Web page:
Donald Grant finds it difficult to look at the trial in the killing of Ahmaud Arbery through a single lens. Whether he processes it as a Black man, as the father of a young son or as a mental health professional, the feeling is the same: “complex trauma.”
Grant, a clinical psychologist, said that following the trial of Greg McMichael, his son Travis McMichael and William Bryan in Brunswick, Georgia, can conjure up anxiety among Black people hoping for justice while recalling past trials, like the one in Florida that led to George Zimmerman’s acquittal in 2013 in the killing of Trayvon Martin, a Black teenager.
“There’s a difference between trauma and complex trauma,” said Grant, the executive director of Mindful Training Solutions, a consulting firm in Los Angeles specializing in wellness and behavioral health. “Black people are experiencing complex trauma because the evidence is contradictory. The evidence says we’re on our way, and evidence says we’re not on your way. That’s a hard thing to reconcile.”
Arbery’s killing last year was documented in a viral video, sparking outrage, an investigation and eventually charges. The state of Georgia reacted by reforming its citizens arrest laws, which had been on the books since the 1863 Emancipation Proclamation. After police killed George Floyd in Minneapolis in May 2020 and his slow death was captured in another viral video, the officers in that case were charged in his death. Derek Chauvin was convicted in April and sentenced to 22½ years in prison.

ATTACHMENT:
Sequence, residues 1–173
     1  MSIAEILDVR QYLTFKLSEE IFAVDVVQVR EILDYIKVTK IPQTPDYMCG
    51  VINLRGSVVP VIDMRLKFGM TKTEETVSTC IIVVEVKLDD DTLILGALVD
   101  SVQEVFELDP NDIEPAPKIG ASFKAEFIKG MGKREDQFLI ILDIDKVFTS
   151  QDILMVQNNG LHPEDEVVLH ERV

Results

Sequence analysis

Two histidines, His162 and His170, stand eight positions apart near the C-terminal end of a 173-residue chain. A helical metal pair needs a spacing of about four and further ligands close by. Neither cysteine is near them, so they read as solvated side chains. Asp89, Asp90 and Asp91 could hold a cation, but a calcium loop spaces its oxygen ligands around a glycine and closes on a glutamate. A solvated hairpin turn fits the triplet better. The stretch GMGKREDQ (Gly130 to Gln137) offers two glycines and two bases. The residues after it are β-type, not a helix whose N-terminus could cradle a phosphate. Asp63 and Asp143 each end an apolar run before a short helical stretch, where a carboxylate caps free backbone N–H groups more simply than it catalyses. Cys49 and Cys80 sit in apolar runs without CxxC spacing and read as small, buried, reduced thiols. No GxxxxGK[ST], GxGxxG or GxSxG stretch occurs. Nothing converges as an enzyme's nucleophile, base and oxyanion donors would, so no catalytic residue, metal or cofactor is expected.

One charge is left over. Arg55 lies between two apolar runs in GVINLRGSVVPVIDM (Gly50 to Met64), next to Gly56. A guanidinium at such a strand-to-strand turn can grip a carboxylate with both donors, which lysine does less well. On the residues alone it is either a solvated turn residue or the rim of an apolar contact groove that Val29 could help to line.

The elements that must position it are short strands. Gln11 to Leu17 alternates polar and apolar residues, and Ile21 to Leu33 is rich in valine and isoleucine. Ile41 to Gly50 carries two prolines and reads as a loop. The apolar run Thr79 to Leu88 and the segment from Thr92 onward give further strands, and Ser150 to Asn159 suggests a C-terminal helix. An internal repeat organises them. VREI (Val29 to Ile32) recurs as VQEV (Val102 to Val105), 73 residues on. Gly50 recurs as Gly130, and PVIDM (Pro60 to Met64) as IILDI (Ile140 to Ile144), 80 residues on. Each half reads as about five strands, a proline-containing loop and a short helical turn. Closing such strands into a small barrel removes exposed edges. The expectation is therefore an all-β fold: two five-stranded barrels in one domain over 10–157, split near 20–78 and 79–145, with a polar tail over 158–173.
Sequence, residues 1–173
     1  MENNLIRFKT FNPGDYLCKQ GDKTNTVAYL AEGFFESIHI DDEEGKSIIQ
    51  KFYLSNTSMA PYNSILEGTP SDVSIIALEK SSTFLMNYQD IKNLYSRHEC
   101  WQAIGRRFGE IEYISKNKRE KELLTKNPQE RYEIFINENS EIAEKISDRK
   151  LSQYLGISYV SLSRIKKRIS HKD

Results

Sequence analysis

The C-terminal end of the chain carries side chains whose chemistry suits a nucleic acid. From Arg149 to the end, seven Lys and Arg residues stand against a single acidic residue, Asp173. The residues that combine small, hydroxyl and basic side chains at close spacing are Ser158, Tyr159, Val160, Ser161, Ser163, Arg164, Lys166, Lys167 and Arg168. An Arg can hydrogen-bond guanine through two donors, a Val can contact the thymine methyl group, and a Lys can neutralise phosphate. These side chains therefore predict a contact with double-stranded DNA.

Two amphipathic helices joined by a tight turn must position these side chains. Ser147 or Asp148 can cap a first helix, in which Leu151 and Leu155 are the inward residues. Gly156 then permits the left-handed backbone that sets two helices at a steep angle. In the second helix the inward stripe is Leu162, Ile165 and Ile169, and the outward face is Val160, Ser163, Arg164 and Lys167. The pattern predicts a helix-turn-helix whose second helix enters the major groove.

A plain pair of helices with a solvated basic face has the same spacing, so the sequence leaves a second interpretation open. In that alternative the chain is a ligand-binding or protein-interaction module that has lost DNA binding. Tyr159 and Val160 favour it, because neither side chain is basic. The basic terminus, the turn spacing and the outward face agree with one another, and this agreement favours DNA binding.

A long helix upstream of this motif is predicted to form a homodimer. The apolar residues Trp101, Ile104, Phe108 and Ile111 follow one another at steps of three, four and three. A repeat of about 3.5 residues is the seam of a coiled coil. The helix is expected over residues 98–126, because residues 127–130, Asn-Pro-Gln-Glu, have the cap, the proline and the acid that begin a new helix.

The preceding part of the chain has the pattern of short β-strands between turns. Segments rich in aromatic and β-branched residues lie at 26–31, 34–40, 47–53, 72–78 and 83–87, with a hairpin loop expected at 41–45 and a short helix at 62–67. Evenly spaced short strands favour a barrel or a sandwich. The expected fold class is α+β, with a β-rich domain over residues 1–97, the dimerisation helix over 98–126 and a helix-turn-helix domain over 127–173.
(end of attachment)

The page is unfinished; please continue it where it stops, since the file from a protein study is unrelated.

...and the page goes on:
Still, Chauvin’s conviction was rare among police brutality cases, and the changes to Georgia’s citizens arrest laws will not apply to the McMichael-Bryan case.
“It’s like a foster care kid thinking he’s getting moved from an abusive home to a safe home, but then that new home becomes abusive,” Grant said. “That’s what we’re dealing with right now. And that’s complex trauma.”
The McMichaels and Bryan are charged with murder and other counts in connection with the shooting death of Arbery, whom they followed and confronted while he was on a jog on Feb. 23, 2020; the state concluded its case Tuesday. Grant said the combination of a mostly white jury and a history of controversial verdicts creates anxiety among Black onlookers, including demonstrators who have arrived in Brunswick in support of Arbery’s family.
“Thirty years ago, it was always a loss in cases like this,” said Grant, author of the coming book “White on White Crime: Old Lies in Contemporary Times.” “Now we’re just 50-50 at best, and so many of us are disproportionately placing our hope upon the outcomes that we’ve won while forgetting there’s still George Zimmerman’s verdict and all these cases that have historically not gone our way.”
Grant referred to the case of Zimmerman, a neighborhood watch member who followed Martin as he returned from a store during a visit to his father in Florida. Even though he had been told by a 911 operator not to pursue Martin, Zimmerman continued and eventually fatally shot him. Zimmerman’s acquittal was the launching point for the Black Lives Matter movement.
“My fear is that Black America is going to be re-traumatized,” Grant said. “The murders of Black men are the first trauma, but the trial is the second trauma. No matter what the outcome is, pieces of these trials that traumatize us. We’ve curated this space of false hope in the place where white supremacy still exists. My fear is not of Black communities’ being violent. My fear is not of Black communities’ coming out to protest. My fear is of Black communities’ being debilitated by the hopelessness that our judicial system consistently delivers to them.”Dr. Dion Metzler, a psychiatrist in Atlanta, shared similar concerns. She said being the mother of two Black sons makes watching the Arbery trial feel “like human trauma.”